Dreams let the unconscious mind act out those unacceptable thoughts and desires. For this reason, Freud's theory about dreams focuses mainly on sexual desires and symbolism. (Why did I decide to write this? lol) For example, any cylindrical object in a dream represents the thingy (uh-uh...I knew I shouldn't have started writing this! lol), whilst a cave or an enclosed object with an opening represents the girl thingy. Well we all know what that represents so I won't go into that. According to Freud, this indicates a suppressed longing for sex. He lived during the Victorian era and people during that time were sexually repressed, which explains why he came to his conclusions.



Carl Jung


Carl Jung studied under Freud but soon decided that what he believed was not the exactly the same as Freud and he decided to go in a different direction. He agreed with the psychological origin of dreams but instead of saying that dreams came from our primal needs and repressed wishes, he felt that dreams allowed us to reflect on our waking selves and solve our daily problems and be able to think through important issues.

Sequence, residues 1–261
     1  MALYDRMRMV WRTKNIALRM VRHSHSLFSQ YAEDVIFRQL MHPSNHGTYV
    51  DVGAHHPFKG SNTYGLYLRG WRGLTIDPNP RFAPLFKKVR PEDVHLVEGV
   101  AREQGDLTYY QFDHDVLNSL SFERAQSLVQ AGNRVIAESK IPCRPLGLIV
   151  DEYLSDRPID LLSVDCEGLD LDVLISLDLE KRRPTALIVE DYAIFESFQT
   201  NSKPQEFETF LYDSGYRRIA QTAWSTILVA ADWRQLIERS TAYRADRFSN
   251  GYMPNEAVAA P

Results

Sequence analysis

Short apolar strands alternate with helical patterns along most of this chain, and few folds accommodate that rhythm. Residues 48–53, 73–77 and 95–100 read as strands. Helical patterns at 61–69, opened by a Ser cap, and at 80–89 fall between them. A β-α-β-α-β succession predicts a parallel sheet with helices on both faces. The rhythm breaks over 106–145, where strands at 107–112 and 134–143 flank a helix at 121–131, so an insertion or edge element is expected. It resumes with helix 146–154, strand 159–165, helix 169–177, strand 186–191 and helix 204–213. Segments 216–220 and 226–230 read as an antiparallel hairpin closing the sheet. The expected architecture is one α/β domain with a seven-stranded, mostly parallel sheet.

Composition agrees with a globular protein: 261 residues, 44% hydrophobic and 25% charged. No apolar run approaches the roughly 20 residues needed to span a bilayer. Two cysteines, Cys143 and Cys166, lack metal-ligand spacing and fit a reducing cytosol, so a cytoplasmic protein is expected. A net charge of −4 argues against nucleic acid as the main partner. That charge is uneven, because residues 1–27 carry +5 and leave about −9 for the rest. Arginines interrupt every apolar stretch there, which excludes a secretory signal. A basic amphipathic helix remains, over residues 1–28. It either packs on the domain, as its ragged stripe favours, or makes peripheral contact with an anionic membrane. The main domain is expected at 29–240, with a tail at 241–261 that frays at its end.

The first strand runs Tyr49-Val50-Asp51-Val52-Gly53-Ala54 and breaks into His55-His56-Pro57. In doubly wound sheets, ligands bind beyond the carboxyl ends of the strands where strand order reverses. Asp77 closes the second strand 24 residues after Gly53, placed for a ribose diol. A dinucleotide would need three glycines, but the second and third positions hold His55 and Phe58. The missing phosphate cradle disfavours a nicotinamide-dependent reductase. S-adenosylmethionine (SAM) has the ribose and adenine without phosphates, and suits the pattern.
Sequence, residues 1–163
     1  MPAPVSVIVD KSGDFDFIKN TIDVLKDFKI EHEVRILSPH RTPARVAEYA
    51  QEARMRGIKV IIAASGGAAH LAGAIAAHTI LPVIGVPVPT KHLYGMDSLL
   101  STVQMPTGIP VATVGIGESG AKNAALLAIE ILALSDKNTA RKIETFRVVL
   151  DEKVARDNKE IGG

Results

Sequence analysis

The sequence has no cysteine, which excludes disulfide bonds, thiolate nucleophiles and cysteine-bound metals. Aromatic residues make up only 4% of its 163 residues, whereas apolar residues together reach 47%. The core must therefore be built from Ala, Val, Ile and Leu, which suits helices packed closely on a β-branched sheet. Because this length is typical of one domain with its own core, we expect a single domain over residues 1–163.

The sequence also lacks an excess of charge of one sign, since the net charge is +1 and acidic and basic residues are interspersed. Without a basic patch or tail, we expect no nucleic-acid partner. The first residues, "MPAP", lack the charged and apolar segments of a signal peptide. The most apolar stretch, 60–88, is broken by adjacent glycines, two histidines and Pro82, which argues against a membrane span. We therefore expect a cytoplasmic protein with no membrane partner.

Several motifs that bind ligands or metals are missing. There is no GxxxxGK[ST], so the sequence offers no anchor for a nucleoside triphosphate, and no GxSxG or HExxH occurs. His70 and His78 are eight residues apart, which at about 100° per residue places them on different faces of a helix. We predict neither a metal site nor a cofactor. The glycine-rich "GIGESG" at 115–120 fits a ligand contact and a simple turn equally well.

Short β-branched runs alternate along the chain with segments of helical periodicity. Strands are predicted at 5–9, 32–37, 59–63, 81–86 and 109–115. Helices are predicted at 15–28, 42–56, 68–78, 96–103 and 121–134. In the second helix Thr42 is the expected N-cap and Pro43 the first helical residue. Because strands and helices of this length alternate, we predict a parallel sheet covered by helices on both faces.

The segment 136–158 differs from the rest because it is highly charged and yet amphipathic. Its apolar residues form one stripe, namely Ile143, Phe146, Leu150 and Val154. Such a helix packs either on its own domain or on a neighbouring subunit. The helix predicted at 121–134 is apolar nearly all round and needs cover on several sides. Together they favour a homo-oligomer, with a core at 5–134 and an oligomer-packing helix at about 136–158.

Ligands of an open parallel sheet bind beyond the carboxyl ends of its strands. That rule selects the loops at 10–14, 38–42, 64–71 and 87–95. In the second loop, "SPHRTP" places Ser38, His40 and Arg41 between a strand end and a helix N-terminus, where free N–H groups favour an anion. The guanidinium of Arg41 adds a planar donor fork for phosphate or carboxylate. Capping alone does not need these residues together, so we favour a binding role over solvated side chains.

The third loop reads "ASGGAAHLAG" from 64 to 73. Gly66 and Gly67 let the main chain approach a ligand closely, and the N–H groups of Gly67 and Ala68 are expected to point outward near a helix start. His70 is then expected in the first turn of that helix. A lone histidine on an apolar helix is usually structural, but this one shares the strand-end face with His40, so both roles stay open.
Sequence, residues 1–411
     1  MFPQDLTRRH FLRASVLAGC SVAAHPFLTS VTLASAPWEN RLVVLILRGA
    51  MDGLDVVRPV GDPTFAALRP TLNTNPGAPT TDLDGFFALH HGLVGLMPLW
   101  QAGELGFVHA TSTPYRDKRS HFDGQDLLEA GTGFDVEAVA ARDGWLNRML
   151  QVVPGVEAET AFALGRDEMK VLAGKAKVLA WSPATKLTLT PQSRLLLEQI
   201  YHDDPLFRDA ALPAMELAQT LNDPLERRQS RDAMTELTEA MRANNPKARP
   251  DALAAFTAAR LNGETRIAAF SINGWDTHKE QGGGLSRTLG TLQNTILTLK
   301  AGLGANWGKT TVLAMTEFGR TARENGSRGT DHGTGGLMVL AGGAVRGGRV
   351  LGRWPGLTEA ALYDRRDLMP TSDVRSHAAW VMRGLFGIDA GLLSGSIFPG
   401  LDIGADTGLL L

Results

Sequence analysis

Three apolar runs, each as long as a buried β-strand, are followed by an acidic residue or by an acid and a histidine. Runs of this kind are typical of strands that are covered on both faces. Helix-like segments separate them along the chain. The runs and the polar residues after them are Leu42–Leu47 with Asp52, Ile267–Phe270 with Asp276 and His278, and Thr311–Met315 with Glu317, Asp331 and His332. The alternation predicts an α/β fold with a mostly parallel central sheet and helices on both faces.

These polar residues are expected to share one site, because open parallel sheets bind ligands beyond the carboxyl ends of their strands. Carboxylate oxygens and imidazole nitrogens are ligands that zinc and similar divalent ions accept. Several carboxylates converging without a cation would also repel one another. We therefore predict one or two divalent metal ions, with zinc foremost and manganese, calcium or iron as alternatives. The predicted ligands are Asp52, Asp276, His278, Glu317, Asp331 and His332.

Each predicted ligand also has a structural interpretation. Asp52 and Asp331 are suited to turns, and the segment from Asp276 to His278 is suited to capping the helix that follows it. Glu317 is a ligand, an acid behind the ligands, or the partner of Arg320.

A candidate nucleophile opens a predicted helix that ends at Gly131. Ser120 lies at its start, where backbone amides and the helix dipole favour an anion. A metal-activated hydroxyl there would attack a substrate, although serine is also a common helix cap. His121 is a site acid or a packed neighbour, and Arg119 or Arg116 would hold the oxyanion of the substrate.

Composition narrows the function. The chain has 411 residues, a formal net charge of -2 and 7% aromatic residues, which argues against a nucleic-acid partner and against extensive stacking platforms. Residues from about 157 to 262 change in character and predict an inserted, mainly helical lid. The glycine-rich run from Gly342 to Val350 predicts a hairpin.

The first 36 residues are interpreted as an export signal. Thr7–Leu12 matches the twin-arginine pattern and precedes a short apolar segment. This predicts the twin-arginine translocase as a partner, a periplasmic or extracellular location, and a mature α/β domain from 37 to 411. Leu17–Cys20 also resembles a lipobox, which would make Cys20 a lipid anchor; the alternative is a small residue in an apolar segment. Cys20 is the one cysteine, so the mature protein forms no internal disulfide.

In 1973, two researchers Allan Hobson and Robert McCarley brought forth another theory which threw out old ideas. Their research on what was going on in the brain whilst we were asleep gave brought the idea that dreams were just the result of random electrical brain impulses which pulled images from stored experiences in our memory. The said that these images didn't form the stories that we remember when we wake...our dreams...but that our waking minds, trying to make sense of the images, create the stories without us realising it…because the brain wants to make sense of what it has experienced. This theory, which is known as activation-synthesis hypothesis, (Don't you just love getting your teeth around big words? lol) created a big rift in the dream research arena because it was a giant step away from the accepted theories. But...this theory has withstood the test of time and is still one of the more prominent dream theories.




Our Sleep Cycle

During our sleep time we go through 5 sleep stages:

1. First is the stage where we are in a very light sleep and one which we can very easily wake from.

2. This is a slightly deeper sleep.

3 and 4 are our deepest sleep. Our brain activity through these stages is gradually slowing down so that by deep sleeping we experience nothing but what are called 'delta brain waves'...these are the slowest brain waves.